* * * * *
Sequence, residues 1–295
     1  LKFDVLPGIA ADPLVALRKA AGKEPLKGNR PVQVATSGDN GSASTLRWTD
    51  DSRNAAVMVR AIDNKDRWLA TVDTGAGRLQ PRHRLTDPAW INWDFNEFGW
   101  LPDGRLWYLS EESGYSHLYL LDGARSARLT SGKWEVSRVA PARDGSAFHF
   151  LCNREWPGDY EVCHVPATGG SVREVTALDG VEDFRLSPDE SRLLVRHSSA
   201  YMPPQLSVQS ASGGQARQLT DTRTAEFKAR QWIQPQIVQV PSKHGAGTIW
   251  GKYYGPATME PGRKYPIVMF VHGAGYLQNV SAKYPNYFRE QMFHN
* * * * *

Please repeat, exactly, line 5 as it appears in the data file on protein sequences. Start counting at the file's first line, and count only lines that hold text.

   151  LCNREWPGDY EVCHVPATGG SVREVTALDG VEDFRLSPDE SRLLVRHSSA